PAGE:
4th Quarter Tech Layoffs Force Many H-1B Workers to Seek Out Alternative Employment (or Alternate Visa Options)

As many people in the tech industry can attest, 2022 has been a down year, with many tech employers slashing payroll. Losing one’s job in a round of layoffs is traumatizing for most workers, but it is especially so if you’re a non-citizen who’s here on a temporary work visa. If you’re in the U.S. on an H-1B or another work visa and your employer lays you off, you must act quickly. If you have questions about your immigration status, be sure you get the advice you need by consulting an experienced Maryland immigration lawyer.

The 2022 tech layoffs hit especially hard in the social media and financial areas. As CNBC reported, Facebook parent Meta shed 11,000 jobs and Twitter cut 3,700. Cryptocurrency exchange platform Coinbase and online payment processor Stripe each laid off around 1,100 workers. On the year, tech employers have shed between 90,000-150,000 jobs (depending on who you ask,) with 45,000 of those happening in a November flurry of layoffs.

If you’re in this country on an H-1B visa, the termination of your employment doesn’t mean that your status immediately becomes “illegal,” but it does mean that the “clock” is on. The federal immigration regulations (specifically, 8 CFR Section 214.1) give you a 60-day “grace period” during which you can find a new employer to submit a new H-1B petition for you.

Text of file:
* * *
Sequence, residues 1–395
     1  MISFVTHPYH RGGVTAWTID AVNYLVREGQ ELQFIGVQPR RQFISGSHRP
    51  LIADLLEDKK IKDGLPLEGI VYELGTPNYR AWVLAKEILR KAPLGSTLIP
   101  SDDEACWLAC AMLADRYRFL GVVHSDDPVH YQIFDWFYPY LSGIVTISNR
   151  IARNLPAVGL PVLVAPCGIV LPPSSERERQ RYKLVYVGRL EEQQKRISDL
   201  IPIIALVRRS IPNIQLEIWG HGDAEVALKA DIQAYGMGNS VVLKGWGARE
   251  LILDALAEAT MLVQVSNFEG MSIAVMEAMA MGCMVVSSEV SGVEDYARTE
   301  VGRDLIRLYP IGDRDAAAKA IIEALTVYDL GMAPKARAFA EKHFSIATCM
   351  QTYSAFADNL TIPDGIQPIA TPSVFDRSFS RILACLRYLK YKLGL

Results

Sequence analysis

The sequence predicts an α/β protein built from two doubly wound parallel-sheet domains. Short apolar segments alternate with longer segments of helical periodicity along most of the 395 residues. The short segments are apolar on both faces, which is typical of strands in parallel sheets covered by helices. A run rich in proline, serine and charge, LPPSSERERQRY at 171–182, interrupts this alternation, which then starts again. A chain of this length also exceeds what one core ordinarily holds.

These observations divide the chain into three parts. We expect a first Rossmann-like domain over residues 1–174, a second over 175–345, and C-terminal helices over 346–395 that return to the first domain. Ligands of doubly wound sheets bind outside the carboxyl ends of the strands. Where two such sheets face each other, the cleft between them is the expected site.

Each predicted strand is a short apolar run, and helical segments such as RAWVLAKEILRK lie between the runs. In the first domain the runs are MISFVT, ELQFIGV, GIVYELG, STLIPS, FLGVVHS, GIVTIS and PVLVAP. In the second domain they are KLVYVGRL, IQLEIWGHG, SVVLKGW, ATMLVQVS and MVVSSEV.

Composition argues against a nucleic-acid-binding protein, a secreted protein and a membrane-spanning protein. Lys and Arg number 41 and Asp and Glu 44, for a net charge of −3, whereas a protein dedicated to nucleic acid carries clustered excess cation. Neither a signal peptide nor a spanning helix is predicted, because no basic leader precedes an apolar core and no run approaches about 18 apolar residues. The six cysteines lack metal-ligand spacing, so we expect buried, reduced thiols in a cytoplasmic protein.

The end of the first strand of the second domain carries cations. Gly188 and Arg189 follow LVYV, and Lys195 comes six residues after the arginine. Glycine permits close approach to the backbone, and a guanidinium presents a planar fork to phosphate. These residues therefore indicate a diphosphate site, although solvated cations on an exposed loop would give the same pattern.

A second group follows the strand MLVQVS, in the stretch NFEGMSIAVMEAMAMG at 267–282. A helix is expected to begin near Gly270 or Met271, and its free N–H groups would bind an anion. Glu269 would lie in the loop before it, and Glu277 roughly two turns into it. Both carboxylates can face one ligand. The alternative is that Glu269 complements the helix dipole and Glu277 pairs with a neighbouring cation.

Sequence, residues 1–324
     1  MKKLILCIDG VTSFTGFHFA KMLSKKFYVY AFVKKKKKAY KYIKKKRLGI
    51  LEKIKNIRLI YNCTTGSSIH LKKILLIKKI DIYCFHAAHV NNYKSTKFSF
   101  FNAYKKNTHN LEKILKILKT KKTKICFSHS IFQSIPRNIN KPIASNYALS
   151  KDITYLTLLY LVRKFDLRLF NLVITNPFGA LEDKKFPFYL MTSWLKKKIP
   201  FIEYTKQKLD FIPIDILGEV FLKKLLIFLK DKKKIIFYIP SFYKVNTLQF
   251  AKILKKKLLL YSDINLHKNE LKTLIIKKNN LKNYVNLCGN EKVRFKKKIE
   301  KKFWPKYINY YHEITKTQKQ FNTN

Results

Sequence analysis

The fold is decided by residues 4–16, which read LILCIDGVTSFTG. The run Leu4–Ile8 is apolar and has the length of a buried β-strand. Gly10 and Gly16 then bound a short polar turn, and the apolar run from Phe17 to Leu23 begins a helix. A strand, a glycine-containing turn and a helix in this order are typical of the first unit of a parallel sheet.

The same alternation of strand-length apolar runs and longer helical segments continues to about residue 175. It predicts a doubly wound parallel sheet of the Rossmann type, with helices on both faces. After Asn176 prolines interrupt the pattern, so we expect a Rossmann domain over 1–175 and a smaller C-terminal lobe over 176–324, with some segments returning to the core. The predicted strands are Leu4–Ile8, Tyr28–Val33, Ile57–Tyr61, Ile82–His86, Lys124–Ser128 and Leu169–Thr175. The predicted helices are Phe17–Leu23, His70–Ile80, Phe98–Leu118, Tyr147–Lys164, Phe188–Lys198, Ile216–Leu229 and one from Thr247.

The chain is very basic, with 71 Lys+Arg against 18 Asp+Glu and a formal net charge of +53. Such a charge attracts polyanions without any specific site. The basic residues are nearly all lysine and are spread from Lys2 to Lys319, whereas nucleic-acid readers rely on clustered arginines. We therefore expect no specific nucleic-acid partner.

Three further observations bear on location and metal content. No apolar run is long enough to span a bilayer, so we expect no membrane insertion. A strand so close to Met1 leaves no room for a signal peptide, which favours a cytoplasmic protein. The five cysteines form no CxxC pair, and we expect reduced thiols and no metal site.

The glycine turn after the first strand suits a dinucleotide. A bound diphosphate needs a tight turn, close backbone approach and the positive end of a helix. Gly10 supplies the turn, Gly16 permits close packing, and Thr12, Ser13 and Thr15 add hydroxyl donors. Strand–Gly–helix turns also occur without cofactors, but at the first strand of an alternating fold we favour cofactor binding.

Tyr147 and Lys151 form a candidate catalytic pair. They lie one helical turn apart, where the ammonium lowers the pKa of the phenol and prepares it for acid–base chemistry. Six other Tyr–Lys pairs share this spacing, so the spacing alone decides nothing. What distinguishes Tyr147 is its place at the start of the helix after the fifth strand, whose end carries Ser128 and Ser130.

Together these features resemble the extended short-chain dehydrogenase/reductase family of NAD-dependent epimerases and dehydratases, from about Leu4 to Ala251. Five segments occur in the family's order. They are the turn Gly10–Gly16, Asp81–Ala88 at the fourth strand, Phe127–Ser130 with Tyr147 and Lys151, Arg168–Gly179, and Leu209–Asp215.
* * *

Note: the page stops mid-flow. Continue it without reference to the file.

Alternative Visa Options Beyond H-1B Worker Visas

If, however, you do not believe that you can obtain new employment within 60 days, you may still have other options allowing you to stay in the country legally. Potentially, depending on when your employer laid you off, you could gain admission to a college or university and change your visa status from H-1B to F-1 student. Alternatively, if your spouse is also working here on an H-1B visa (and didn’t get laid off,) then his/her status helps you. You can switch from H-1B status to H-4 dependent status. You can stay in the U.S. legally on an H-4 visa for as long as your spouse maintains his/her H-1B status. If you subsequently land a new job, you can change from H-4 back to H-1B status.

There’s another avenue that does not require you to reclassify under a different status. As long as you are on your current employer’s payroll, your H-1B status is unchanged and the 60-day grace-period clock won’t start running. So if your current (soon to be former) employer agrees to keep you on the payroll for an additional duration of time, then that gives you an extra period to get a new job. For example, many of the H-1B workers for Meta received four months of severance when the social media giant laid them off. According to a BuzzFeed News report, several of those workers asked Meta to instead keep them on the payroll for those four months, which would have the effect of giving them an extra four months to find a new job.

The rules for maintaining legal status if you’ve lost your H-1B employment in a round of layoffs can be strict and unforgiving. If you have questions about your options and the avenues for avoiding returning to your home country, get in touch with the knowledgeable Maryland work visa attorneys at Anthony A. Fatemi, LLC. Contact us today at 301-519-2801 or via our online form to get the help you need with completing the processes necessary to maintain legal status.

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